n84a4

Geografía física

 

Hyperspectral optical analysis of Zumpango Lake, Mexico

 

Análisis óptico hiperespectral del Lago de Zumpango, México

 

Raúl Aguirre Gómez*

 

* Laboratorio de Análisis Geoespacial (LAGE), Instituto de Geografía, Universidad Nacional Autónoma de México, Circuito de la Investigación Científica, Ciudad Universitaria, 04510, Coyoacán, México, D. F. E–mail: raguirre@igg.unam.mx

 

Received: 18 October 2012.
Final version accepted: 24 July 2013.

Cómo citar: Aguirre Gómez, R. (2014), "Hyperspectral optical analysis of Zumpango Lake, Mexico", Investigaciones Geográficas, Boletín, núm. 84, Instituto de Geografía, UNAM, México, pp. 32–41, doi: dx.doi.org/10.14350/rig.34052

 

Abstract

This paper shows a hyperspectral optical analysis of Zumpango Lake, relict of one of the lakes that formerly filled the Basin of Mexico. The spectral signatures are dominated by the presence of phytoplankton and submerged vegetation. Integrated spectral curves have a good statistical correlation with chlorophyll a concentration values. It indicates that submerged vegetation water, mainly hyacinth (Eichhornia spp) and duckweed (Lemna sp), and phytoplankton are homogeneously distributed in the water body, which confers its characteristics of eutrophication.

Key words: Hyperspectral analysis, Zumpango Lake, Eutrophication, Physical Limnology.

 

Resumen

En este artículo se presenta un análisis óptico hiperespectral del Lago de Zumpango, el cual es un relicto de los lagos antiguos que anteriormente llenaban la Cuenca de México. las firmas espectrales están dominadas por la presencia de fitoplancton y por vegetación sumergida. Las curvas espectrales integradas presentan una buena correlación estadística con los valores de la concentración de clorofila a. Esto indica que la vegetación sumergida en el agua, principalmente lirio (Eichhornia spp) y lentejilla (Lemma spp), y el fitoplancton están distribuidos homogéneamente en el cuerpo de agua, lo cual le confiere características de eutrofización.

Palabras clave: Análisis hiperespectral, Lago de Zumpango, eutrofización, limnología física.

 

INTRODUCCION

The Basin of Mexico is a highland surrounded by volcanic mountains. It is at the central–eastern part of the Trans–Mexican Volcanic Belt, located between 98º15' and 99º30' W, and 19º 00' and 20º 15' N. Altitude varies from 2240 m ASL to the south to 2390 m ASL to the north. This basin is endorheic, or hydrologically closed, and has an approximate area of 9600 km2 and includes parts of the Federal District, and the States of Mexico, Hidalgo, Tlaxcala and Puebla.

Its present morphological features were established during the quaternary period; tectonic and volcanic activities continue nowadays. Formerly, there were lacustrine flatlands, occupying the lower part of the area. This basin contained five lakes: Zumpango, Xaltocan, and Texcoco of brackish water, to the north, and, to the south Xochimilco and Chalco of fresh water, at the western side and at a higher altitude than the other three (Gutiérrez de MacGregor, 1995; Lugo et al., 2001).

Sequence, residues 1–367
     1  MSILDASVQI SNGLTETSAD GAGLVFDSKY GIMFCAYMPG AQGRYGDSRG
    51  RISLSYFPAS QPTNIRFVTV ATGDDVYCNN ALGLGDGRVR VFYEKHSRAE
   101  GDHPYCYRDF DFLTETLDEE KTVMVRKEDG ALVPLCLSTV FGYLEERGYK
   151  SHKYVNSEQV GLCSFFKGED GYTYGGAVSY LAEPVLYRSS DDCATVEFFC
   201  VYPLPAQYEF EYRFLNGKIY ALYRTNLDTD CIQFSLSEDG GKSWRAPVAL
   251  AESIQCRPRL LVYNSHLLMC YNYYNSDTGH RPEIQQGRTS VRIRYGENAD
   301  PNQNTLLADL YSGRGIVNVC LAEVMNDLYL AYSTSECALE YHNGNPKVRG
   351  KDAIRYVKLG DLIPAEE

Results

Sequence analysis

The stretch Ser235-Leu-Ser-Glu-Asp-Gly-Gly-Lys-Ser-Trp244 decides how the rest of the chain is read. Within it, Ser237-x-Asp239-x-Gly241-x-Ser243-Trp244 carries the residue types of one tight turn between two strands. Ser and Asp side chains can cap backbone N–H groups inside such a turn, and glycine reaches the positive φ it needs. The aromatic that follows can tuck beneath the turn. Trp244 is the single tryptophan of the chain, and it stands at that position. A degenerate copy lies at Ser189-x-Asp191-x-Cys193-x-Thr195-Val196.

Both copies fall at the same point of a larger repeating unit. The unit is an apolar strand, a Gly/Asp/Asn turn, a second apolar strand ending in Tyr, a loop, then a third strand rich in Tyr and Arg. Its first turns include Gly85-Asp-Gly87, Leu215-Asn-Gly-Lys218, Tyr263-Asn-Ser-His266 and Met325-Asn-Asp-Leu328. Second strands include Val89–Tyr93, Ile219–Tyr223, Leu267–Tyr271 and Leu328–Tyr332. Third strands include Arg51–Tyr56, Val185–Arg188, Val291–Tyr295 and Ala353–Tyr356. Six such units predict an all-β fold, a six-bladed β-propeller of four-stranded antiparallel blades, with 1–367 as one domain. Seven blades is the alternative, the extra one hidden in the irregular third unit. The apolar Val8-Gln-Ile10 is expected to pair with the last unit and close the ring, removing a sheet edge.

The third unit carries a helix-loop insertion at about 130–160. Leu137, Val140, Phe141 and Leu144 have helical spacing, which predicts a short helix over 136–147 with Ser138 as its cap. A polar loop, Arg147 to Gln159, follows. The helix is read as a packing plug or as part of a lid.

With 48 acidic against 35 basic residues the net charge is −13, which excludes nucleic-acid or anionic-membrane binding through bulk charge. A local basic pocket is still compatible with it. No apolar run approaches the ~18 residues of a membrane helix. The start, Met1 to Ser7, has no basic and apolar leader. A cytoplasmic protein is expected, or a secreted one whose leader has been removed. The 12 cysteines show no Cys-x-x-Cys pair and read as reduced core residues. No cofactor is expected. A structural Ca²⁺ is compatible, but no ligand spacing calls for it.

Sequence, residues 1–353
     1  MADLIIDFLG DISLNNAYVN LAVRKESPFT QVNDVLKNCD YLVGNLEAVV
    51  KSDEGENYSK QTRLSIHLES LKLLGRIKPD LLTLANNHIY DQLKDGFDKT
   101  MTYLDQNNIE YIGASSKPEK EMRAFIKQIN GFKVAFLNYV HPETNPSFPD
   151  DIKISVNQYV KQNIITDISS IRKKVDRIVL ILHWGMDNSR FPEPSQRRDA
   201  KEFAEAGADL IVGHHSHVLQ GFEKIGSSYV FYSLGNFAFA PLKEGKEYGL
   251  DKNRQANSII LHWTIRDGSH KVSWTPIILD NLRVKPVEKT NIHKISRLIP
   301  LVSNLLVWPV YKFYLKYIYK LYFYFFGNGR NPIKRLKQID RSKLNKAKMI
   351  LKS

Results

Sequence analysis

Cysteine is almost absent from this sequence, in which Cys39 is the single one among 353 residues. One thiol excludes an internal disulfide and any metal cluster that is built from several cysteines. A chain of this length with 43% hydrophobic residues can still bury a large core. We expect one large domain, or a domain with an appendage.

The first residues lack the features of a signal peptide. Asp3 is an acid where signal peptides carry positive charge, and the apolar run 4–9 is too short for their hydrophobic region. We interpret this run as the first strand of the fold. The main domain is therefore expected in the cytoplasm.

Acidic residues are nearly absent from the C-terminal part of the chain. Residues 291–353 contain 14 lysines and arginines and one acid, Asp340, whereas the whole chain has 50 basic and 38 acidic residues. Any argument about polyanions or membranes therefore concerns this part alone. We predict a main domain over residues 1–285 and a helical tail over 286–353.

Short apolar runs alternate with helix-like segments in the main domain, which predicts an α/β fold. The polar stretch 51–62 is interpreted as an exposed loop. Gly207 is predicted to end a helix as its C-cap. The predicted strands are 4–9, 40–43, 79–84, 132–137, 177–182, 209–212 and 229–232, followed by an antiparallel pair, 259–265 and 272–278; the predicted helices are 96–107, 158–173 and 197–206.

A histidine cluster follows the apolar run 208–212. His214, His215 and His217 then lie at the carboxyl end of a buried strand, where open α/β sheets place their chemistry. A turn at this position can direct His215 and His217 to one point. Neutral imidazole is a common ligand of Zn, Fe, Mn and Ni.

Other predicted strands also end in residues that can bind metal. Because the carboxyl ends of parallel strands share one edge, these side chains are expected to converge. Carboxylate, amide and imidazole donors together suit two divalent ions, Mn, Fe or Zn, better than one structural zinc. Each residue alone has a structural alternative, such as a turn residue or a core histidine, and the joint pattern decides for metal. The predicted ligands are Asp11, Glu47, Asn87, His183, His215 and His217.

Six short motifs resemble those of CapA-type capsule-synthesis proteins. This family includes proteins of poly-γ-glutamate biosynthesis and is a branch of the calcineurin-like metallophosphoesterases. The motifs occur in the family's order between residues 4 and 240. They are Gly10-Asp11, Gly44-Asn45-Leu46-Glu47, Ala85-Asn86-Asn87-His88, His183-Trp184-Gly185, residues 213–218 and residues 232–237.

However, the morphology of the lacustrine flatland has changed as a result of anthropogenic modifications made since historical times. All the lakes have virtually disappeared, leaving just a few relicts. The most important relicts are Tecocomulco and Zumpango lakes and the Guadalupe dam, all at the northern side of the basin. In the southern part, there are no water bodies of a significant size, even though some relicts do remain in the form of channels of the ancient Xochimilco Lake.

There are a number of studies performed in Mexican lakes using remote sensing techniques (e. g. Chacón et al., 1992; Mendoza et al., 2007). In particular, in the Basin of Mexico, Prol–Ledesma et al. (2002) used satellite imagery to analyze the neighborhood of Lake of Chalco; De la Lanza and Gómez (2005) performed a change detection study in the vicinity of Tecocomulco Lake.

Nowadays, it is possible to accurately assess the trophic conditions of a water body by using hyperspectral remote sensors to measure in situ reflectance. To validate this information, fieldwork must calibrate remote sensing data by in situ measurement of photosynthetic pigment concentration in the water body such as chlorophyll a, b, c, and carotenoids (Glooschenko et al., 1974; Brivio et al., 2001; Aguirre et al., 2001). One of the main advantages of this kind of study is the possibility of using sophisticated mathematical functions to perform a deeper analysis than that used with broad band satellite data. Thus, the aim of this paper is to analyze the spectral response of Zumpango Lake by using a hyperspectral remote sensor.

 

Study Area

Zumpango Lake is in the north–eastern region of the State of Mexico located at 19º 46' N and 99º 9' W (Figure 1). Topographically, the lake is characterized by flatlands to the south, although the north–eastern end is rather hilly with altitudes varying between 1 245 and 1 650 m ASL.

The lake is part of the Moctezuma river hydrological basin (INEGI, 1998). It is fed by runoff from the nearby mountain slopes that is not absorbed by, nor filtered through, the soil.

The lake has a maximum extension of 24 km2 and a depth between 1–3 m, although both vary seasonally and annually as a function of precipitation. Yearly total precipitation averages 700 mm, reaching a maximum in June. The climate is cold from November to March, with temperatures down to –2.3º C, and warm from April to October with temperatures up to 31ºC; the annual mean is 15º C (INEGI, 2005).